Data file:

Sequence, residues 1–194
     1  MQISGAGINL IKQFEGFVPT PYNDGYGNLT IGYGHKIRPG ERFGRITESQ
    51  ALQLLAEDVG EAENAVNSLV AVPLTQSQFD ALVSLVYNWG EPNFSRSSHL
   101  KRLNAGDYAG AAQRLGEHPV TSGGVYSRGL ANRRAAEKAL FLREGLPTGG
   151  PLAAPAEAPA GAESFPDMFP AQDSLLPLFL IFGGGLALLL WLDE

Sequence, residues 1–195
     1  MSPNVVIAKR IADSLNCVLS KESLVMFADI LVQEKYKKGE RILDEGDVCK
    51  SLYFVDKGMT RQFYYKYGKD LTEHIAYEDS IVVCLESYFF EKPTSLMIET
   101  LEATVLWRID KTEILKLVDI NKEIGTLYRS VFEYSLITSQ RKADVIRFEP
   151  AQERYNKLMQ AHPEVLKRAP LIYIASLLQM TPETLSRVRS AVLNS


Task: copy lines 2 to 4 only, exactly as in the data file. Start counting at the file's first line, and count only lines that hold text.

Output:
     1  MQISGAGINL IKQFEGFVPT PYNDGYGNLT IGYGHKIRPG ERFGRITESQ
    51  ALQLLAEDVG EAENAVNSLV AVPLTQSQFD ALVSLVYNWG EPNFSRSSHL
   101  KRLNAGDYAG AAQRLGEHPV TSGGVYSRGL ANRRAAEKAL FLREGLPTGG